By Kathy Hubbard
I often see people walking down the street, not paying any attention to where they’re going or what they might run into or run into them. I’m not picking on kids, I see a lot of adults doing it, but a recent encounter reminded me that school is about to start. Today is a good day to talk to your children about keeping safe.
Walking. The National Safety Council advises us to “review your family’s walking safety rules and practice walking to school with your child. Walk on the sidewalk, if one is available; when on a street with no sidewalk, walk facing the traffic.”
Before crossing the street, stop and look both ways. Before you start to cross, listen to make sure an emergency vehicle or speeding hotshot isn’t barreling down the road. It’s that simple.
Bike Riders. “Teach your child the rules of the road and practice riding the bike route to school with your child.” Besides riding single-file on the right side of the street, remind the kiddos to walk their bikes across the street and to always properly wear their helmets.
Bus Riders. Go to the bus stop with your students and teach them to stand six feet – or three giant steps – away from the curb or edge of the road. “If your child must cross the street in front of the bus, teach him or her to walk on the side of the road until they are 10 feet ahead of the bus; your child and the bus driver should always be able to see each other,” NSC says.
Driving Your Child to School. NSC says to obey school zone speed limits and follow the school’s procedures. Make sure you make eye contact with the children crossing the street and never pass a bus loading or unloading kids.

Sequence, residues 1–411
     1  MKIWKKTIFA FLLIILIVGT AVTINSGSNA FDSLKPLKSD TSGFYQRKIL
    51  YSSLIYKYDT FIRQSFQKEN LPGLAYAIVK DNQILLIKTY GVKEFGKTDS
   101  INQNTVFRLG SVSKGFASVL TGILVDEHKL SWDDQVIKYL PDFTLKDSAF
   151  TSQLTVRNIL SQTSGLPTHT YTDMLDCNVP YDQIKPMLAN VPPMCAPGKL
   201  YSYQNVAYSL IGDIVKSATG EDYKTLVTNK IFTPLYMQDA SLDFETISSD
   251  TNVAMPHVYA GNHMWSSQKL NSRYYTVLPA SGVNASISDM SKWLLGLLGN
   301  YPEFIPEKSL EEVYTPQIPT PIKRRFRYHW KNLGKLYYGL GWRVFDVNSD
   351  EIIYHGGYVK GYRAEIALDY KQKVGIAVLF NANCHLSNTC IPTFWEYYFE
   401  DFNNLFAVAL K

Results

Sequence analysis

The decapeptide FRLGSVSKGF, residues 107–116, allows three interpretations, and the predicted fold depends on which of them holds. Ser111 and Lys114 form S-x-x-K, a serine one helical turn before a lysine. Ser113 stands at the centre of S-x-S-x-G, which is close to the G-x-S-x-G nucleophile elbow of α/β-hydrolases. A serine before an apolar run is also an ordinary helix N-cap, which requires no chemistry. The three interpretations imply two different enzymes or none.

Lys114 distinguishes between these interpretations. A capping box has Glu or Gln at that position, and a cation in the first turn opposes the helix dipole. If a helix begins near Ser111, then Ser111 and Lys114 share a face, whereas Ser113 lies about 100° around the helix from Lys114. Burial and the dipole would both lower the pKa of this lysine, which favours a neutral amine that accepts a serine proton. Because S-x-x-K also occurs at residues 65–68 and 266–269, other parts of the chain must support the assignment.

Teen Drivers. “Car crashes are the number one cause of death for teens. Fortunately, there is something we can do. Teens crash because they are inexperienced; practice with new drivers every week, before and after they get their license.” It’s also a good idea to set a good example with your own driving habits.
Backpacks. Your child’s backpack should not weigh more than five to ten percent of their body weight. Tell them to use both straps to evenly distribute the weight on their shoulders.
Playgrounds and Sports. “To reduce strangulation hazards on playgrounds, have your child leave necklaces and jackets with drawstrings at home,” NSC advises. Also, ensure your child owns and wears the protective gear for the sports they participate in.
Sleeping. Now is the time to start gradually easing into the school day schedule. Start with a five to ten minute earlier wake-up and bedtime and increase until school starts.
Healthychildren.org says, “Getting enough sleep is critical for a child to be successful in school. Insufficient sleep is associated with lower academic achievement, higher rates of absenteeism, and tardiness. The optimal amount of sleep for most younger children is ten to twelve hours, and for thirteen- to eighteen-year-olds, the range is eight to ten hours per night.
Eating. “Studies show that children who eat a nutritious breakfast function better. As a result, they do better in school and have better concentration and more energy,” HC says. Be sure all meals include protein, fresh fruits and vegetables, and as little sugar as possible. If the school lunch menu offers food your child won’t eat, pack something they will.
Immunizations. You know the laws. You know immunization doesn’t cause autism. Get your child’s vaccinations up to date before school starts. Enough said.
Bullying. Tell your child to alert school officials if they are being bullied. Teach them to stand tall and stay calm, and say words such as, “I don’t like what you’re doing,” or “Please don’t talk to me like that.” In addition, HC encourages you to monitor your child’s social media and texting interactions.
If your child is the bully, HC says to “help your child learn empathy for other children by asking them to consider how the other child feels about the way your child treated them.” Set ground rules and stick with them.
If your children are reluctant to go to school, validate their feelings while reinforcing why getting an education is important.
Kathy Hubbard is a member of the Bonner General Health Foundation Advisory Council. She can be reached at firstname.lastname@example.org. This article was written for and published in the Bonner County Daily Bee on August 31, 2022.